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Days 3 and 4: From Bahia Blanca to Puerto Madryn 769 km.

Day 3 was a very long day. There are many more to come but this one was long enough. Nothing to photograph along the road so far. There has been little to see of any note. Lots of farm and pasture land, with a yawning, monotonous straight road through it all. Very reminiscent of the Outback in Australia, minus the road trains. However, there were trucks that brought back scenes of China.

The road (highway 3) is so flat that the signs to denote hills are really only bumps in the road. I think the highway department passed out these signs to each province and they had to put them up some place. We have never had to shift to a lower gear but then we know we have a climb to 15,000 feet coming crossing from Chili to Peru. I wonder what the signage will be like there? Do you even see a rise here?

I have been hunting exotic animals but so far this is as close as we have come to a llama. I am still hopeful.

One thing of note is the number of vehicles, cars, buses and trucks that run on natural gas. Every station we have used has lanes for natural gas as well as gasoline and diesel. In fact, there are stations that only have natural gas. I don't know any gas stations in the US that offer natural gas. Maybe it is just my area of the country.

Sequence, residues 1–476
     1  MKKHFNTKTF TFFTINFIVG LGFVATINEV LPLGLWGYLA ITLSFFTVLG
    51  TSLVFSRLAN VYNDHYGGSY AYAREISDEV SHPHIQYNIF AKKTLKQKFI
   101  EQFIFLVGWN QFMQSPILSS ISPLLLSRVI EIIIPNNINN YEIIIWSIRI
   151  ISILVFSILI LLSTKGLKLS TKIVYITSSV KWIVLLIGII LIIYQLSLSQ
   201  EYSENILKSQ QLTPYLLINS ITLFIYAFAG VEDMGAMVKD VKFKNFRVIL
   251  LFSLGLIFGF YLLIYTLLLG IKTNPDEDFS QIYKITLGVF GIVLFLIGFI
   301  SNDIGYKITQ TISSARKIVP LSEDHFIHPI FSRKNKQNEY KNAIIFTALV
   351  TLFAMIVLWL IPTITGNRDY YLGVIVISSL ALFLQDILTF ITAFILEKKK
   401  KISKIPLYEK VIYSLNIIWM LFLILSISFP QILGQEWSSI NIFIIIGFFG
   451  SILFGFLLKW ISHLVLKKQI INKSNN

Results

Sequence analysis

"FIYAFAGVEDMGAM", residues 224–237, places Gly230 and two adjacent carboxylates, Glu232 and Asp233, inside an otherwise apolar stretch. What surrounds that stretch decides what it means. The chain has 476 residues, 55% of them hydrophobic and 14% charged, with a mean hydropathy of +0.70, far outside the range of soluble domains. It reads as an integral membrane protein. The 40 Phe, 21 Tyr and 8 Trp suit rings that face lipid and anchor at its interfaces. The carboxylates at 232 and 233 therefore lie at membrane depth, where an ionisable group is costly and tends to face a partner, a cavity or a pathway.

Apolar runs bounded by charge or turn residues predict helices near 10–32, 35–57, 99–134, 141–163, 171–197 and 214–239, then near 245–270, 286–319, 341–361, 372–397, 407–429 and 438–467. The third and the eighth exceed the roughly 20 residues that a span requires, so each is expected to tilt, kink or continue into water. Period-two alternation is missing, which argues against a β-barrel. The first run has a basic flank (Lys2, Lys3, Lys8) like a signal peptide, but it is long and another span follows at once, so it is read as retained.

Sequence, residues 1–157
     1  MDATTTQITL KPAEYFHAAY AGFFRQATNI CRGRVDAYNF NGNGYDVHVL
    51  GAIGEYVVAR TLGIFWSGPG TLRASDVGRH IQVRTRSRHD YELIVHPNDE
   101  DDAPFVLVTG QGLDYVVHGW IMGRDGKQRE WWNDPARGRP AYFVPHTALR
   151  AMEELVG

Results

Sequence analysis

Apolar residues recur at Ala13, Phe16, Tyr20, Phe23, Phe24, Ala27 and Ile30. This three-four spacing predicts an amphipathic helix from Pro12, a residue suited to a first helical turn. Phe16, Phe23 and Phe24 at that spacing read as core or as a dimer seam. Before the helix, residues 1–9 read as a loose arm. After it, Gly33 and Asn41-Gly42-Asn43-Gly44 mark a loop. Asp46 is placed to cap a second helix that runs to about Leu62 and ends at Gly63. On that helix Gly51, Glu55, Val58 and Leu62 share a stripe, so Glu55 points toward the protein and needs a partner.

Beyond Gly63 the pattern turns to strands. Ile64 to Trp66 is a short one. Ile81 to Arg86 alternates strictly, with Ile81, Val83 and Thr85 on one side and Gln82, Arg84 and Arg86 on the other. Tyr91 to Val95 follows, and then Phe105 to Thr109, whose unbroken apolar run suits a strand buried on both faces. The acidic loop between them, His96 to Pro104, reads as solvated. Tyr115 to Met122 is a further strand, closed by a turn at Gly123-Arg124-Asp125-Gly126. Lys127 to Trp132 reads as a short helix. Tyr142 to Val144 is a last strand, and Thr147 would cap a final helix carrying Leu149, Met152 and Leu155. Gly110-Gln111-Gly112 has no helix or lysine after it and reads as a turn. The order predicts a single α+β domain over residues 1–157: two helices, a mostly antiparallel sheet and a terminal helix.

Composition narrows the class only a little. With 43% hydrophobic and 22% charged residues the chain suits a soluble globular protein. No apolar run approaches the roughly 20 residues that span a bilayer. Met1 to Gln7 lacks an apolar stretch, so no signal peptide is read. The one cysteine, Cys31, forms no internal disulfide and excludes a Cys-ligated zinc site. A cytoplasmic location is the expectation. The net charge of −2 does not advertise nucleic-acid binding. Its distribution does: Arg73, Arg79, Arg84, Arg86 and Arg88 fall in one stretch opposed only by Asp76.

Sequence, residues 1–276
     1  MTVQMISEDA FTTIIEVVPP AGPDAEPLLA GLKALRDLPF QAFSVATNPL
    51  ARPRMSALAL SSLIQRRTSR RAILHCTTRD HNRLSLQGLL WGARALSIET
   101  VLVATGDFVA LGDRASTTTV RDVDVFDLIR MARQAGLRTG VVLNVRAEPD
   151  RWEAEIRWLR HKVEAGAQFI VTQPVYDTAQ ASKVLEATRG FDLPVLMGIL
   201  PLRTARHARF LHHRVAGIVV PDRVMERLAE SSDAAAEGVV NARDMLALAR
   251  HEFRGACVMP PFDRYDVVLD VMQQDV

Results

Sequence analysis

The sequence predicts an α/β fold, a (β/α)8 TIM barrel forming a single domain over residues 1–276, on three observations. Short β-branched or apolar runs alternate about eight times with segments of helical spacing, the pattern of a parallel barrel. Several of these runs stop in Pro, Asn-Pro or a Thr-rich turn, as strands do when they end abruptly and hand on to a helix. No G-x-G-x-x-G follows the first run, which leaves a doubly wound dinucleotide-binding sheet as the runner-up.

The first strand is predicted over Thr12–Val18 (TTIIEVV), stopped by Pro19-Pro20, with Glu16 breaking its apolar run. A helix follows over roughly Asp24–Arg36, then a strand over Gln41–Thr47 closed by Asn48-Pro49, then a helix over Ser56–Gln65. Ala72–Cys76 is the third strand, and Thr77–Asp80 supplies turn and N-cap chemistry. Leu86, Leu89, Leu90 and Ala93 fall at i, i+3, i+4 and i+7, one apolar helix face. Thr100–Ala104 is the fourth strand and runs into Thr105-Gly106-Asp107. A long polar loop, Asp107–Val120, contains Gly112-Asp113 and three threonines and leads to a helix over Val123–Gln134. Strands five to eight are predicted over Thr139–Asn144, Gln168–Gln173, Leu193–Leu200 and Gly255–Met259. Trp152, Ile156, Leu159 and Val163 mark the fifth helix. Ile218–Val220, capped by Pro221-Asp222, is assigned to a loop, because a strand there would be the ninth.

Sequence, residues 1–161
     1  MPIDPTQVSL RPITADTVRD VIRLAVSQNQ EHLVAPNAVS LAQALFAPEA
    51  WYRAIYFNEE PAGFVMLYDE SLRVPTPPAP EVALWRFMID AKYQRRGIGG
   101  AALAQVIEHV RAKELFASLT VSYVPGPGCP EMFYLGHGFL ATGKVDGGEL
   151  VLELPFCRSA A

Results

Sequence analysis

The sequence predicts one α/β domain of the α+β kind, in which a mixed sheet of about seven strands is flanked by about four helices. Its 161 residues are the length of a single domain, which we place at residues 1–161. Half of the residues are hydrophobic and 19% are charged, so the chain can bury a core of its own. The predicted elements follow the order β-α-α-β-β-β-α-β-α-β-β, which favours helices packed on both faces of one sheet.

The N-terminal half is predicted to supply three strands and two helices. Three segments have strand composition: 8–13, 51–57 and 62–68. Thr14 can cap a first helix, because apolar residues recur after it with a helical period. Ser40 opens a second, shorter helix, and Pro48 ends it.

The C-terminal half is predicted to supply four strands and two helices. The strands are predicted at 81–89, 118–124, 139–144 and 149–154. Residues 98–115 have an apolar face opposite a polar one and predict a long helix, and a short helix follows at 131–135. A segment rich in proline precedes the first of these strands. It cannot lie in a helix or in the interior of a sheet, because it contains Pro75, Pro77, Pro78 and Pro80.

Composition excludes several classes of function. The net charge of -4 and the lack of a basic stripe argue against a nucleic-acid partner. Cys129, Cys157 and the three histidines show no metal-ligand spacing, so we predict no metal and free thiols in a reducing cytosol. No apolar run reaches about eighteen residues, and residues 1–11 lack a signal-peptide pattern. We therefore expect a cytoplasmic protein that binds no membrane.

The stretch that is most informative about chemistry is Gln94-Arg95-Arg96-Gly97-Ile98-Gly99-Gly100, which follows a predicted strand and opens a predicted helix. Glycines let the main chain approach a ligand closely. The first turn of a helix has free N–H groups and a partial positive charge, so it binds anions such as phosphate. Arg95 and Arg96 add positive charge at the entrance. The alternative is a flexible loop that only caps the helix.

Day 4 is a day off. We are at a lovely spot on the ocean, Puerto Madryn. I don't know when high season is here, but it's not now. It is sunny, but cold and windy. Even the whale spotting tour was cancelled because of the wind. Too bad, I was hoping to see whales.

If you wonder what we do on a day off, you should note that the parking lot was full of cars being worked on. Stewball didn't need any work, but Ed did adjust the latch that holds the hood down and I gave him a cleaning inside and out just so we could be part of the action.

Once again, we had lots of Argentinians taking photos and I was asked by a very young visitor (in Spanish) if he could have a photo with  Stewball and me. How could I say no to him.

Back on the road again tomorrow heading mostly west where the first language is Welsh and the second, Spanish. I don't know the history of why this region is Welsh; perhaps after tomorrow I will.

Ed and Janet Howle

Ed and Janet Howle are avid adventurers and authors embarking on a 14,000 mile journey.

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